"Our study marks the first time this integrin was found to play a key role in angiogenesis," said Varner. "This integrin is known to regulate the body’s inflammation response, but until this study it wasn’t suspected of regulating angiogenesis. It’s possible that since the integrin only works on developing blood vessels and in cancer, disrupting its ability to form blood vessels could starve the tumor and stave off cancer."

The research team discovered that the integrin brought the endothelia, the inside part of a blood vessel, together to bind with vascular smooth muscle, the outer portion of a blood vessel. Blood vessels only work when both endothelia and vascular smooth muscle are bound together. Previous work on integrin alpha4beta1 showed that the protein worked in the immune system by binding with another molecule called VCAM, so the researchers next looked for evidence of VCAM in the vascular smooth muscle cells, called pericytes.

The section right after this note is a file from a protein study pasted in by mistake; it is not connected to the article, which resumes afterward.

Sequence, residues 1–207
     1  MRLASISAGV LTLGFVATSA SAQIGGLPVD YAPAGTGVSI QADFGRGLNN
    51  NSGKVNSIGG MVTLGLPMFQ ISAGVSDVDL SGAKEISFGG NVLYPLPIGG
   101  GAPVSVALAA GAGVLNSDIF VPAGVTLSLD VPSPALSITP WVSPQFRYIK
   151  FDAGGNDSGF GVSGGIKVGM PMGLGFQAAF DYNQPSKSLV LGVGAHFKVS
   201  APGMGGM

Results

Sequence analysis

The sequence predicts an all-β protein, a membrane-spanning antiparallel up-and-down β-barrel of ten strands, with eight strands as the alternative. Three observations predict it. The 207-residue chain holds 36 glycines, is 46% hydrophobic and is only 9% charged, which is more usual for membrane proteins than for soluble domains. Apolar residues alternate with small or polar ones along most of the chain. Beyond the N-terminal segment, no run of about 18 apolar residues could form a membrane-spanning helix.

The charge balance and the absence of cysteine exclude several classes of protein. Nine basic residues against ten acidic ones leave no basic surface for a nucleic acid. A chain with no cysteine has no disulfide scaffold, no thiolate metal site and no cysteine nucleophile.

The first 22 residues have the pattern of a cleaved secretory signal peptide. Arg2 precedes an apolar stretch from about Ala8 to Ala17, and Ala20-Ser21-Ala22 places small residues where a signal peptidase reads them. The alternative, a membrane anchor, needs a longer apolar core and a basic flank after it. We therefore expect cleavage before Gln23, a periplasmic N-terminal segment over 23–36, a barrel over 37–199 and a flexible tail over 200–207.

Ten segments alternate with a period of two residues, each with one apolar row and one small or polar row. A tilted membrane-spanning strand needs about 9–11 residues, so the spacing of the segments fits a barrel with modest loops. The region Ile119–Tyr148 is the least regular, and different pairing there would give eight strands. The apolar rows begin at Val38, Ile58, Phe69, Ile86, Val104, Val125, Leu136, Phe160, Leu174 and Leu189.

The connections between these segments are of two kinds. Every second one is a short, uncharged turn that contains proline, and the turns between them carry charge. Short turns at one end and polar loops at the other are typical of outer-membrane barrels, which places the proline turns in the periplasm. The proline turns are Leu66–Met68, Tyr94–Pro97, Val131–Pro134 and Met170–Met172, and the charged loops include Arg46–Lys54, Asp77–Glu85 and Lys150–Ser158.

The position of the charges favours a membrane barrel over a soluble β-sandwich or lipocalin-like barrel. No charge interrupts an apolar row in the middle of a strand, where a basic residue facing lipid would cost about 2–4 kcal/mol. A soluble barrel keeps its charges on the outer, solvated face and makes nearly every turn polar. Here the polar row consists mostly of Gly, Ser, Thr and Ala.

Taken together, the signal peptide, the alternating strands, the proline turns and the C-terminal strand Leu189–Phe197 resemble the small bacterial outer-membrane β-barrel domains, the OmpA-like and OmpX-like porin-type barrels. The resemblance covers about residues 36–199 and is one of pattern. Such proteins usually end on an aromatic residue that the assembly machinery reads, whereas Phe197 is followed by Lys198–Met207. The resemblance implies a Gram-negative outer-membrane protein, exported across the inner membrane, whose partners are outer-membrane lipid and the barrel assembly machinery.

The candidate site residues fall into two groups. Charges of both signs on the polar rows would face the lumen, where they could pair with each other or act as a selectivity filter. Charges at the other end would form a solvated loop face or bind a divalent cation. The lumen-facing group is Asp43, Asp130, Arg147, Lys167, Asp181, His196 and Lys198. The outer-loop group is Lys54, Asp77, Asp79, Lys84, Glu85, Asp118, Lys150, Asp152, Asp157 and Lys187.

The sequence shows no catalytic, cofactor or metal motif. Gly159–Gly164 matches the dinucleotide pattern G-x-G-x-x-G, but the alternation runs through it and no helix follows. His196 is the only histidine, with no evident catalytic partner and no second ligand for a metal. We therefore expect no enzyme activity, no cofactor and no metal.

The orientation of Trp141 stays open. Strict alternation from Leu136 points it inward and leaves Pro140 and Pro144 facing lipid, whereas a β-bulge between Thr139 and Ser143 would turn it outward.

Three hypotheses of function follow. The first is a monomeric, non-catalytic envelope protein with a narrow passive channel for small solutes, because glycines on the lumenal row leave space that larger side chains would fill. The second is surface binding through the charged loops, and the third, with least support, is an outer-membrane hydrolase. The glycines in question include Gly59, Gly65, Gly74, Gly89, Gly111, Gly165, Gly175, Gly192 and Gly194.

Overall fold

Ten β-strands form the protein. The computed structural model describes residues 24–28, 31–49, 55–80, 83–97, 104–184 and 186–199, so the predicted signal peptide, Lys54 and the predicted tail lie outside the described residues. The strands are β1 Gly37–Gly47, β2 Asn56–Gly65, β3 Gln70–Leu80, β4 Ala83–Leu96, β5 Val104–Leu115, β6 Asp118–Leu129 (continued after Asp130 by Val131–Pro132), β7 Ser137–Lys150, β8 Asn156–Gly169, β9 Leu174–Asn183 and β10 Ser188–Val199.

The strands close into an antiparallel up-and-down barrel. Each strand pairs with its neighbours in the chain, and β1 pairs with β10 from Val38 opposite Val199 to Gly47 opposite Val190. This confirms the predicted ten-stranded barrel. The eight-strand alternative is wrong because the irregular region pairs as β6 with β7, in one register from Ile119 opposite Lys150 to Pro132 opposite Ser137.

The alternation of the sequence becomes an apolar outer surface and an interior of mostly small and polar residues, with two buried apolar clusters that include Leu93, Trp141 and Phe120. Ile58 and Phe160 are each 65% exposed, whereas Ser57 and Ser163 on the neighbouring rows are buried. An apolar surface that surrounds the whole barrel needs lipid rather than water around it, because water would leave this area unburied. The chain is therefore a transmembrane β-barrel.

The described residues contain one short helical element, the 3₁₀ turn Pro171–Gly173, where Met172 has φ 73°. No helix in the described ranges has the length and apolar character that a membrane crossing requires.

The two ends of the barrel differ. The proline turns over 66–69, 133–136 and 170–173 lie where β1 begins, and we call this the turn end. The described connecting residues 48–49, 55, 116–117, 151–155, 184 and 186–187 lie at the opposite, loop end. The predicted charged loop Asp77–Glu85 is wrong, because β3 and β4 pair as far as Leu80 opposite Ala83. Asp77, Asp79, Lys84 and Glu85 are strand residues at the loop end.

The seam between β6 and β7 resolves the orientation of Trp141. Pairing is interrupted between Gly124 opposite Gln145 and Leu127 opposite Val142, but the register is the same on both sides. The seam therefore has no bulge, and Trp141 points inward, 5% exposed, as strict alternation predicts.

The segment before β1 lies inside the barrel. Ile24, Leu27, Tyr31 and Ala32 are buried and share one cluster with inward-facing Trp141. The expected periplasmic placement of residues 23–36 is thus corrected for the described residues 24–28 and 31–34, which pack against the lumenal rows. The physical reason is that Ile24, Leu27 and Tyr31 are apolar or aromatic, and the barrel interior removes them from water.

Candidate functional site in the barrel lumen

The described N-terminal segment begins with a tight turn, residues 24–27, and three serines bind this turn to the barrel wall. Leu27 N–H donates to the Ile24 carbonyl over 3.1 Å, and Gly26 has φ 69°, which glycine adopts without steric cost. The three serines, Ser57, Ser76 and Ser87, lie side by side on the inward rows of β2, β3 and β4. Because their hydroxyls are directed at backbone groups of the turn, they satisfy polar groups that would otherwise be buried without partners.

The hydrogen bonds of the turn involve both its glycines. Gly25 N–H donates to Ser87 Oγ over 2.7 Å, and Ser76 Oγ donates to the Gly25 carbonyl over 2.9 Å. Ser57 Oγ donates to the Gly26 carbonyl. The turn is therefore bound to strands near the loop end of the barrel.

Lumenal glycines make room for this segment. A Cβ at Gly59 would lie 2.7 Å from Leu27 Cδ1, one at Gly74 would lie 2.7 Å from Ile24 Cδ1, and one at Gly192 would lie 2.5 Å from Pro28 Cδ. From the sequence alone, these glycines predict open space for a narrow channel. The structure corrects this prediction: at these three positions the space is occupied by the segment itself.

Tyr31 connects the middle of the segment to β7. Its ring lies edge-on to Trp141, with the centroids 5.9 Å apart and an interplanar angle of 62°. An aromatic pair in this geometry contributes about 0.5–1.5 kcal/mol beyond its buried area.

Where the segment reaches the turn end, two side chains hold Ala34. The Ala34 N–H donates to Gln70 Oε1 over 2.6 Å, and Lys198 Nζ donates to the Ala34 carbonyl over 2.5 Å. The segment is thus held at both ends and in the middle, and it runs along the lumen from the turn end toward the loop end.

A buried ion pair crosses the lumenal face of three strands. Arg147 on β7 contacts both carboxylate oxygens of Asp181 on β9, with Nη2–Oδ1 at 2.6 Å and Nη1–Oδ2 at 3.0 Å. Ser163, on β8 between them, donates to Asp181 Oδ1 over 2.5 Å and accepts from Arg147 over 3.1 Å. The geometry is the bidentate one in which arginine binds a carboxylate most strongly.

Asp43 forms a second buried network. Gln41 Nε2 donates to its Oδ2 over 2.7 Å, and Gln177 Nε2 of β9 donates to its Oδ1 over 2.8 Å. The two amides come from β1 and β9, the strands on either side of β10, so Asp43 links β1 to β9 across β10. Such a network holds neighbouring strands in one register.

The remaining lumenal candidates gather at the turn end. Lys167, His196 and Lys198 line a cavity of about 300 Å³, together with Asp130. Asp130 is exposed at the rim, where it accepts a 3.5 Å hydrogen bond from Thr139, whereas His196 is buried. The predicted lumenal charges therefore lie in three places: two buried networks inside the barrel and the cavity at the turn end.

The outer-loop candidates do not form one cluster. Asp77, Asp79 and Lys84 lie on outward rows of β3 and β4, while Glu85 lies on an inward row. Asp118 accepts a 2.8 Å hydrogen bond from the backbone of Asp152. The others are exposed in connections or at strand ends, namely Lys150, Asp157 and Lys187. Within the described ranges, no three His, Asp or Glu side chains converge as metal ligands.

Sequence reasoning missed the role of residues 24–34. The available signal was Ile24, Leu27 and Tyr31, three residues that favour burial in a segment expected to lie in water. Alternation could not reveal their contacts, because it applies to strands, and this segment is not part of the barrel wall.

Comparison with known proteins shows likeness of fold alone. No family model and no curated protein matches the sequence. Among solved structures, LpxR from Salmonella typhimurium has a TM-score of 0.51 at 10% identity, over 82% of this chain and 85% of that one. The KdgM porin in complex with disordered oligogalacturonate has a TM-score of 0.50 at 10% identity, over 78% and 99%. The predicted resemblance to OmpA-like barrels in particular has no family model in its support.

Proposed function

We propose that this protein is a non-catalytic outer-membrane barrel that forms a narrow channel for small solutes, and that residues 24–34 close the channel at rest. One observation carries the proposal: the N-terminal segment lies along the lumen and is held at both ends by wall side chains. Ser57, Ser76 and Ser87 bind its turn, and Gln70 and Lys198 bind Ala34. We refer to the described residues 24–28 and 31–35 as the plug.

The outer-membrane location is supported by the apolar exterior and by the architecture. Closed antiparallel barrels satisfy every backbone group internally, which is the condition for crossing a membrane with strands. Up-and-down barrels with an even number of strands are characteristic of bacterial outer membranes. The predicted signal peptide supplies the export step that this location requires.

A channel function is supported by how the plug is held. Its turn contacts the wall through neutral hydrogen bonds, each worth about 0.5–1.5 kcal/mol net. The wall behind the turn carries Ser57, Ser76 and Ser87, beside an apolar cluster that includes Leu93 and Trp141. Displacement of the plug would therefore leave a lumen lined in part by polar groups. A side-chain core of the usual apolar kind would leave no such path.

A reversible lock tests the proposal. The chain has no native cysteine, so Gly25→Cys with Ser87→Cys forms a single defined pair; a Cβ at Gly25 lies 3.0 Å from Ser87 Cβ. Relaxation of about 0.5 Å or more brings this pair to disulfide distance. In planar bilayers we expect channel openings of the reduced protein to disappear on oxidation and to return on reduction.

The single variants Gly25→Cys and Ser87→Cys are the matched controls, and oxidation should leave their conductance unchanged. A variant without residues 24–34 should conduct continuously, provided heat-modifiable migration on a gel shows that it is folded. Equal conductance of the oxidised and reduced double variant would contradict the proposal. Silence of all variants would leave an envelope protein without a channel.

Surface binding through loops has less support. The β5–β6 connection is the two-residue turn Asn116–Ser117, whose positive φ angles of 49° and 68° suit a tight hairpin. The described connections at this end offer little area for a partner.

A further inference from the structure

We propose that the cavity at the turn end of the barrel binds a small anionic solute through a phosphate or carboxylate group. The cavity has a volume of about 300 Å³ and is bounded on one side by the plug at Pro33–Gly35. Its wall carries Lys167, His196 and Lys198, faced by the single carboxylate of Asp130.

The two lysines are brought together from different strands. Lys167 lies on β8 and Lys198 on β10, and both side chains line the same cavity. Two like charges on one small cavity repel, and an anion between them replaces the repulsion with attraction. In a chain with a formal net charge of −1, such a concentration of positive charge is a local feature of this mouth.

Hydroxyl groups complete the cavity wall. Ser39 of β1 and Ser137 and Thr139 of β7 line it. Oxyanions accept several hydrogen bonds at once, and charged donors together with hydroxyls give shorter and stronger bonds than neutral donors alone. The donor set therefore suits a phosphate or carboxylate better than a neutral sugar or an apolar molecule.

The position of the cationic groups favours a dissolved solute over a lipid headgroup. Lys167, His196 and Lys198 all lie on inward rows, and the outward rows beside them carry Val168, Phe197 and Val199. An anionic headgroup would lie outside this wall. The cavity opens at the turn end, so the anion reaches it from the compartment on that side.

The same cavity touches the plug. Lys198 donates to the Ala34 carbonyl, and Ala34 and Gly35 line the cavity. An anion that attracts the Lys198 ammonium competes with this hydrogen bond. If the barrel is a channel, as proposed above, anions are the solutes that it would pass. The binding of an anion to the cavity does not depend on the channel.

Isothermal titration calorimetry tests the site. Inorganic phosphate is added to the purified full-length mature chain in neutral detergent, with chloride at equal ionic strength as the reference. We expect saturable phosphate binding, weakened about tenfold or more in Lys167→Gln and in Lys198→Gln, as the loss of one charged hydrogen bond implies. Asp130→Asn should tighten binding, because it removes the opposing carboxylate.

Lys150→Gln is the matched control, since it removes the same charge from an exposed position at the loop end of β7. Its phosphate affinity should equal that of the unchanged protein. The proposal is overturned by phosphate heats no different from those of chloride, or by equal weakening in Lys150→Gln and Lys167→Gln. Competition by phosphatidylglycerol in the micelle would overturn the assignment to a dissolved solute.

Indeed, Varner’s team found VCAM on the nascent blood vessel’s pericytes, but not in mature vessel pericytes. The two molecules, Varner discovered, work together to bring the endothelial cells together with the outer pericytes to create new intact blood vessels, with integrin as the lock and VCAM as the key. Drugs that inhibit either the integrin or the VCAM molecule prevented intact blood vessels from forming.

"When the integrin meets with VCAM, both cell types receive survival signals at this active stage of blood vessel development, which occurs mainly in tumors in adults," said Varner. "This was a chance discovery, which was exciting, and we think it may have important clinical significance."

In their current studies of breast cancer patients for the presence of the integrin and VCAM, "We want to know if the integrins predict aggressive breast cancer. If so, this could become a valuable, non-invasive diagnostic tool for cancer," said Varner.

In addition, knowing how blood vessels are finally assembled could help lead to effective ways to stop the proliferation of cancer cells by cutting off their nutrient supply, Varner added. Drs. Varner and Parker are currently in discussions with pharmaceutical companies to test integrin inhibitors in cancer clinical trials at the new Moores UCSD Cancer Center.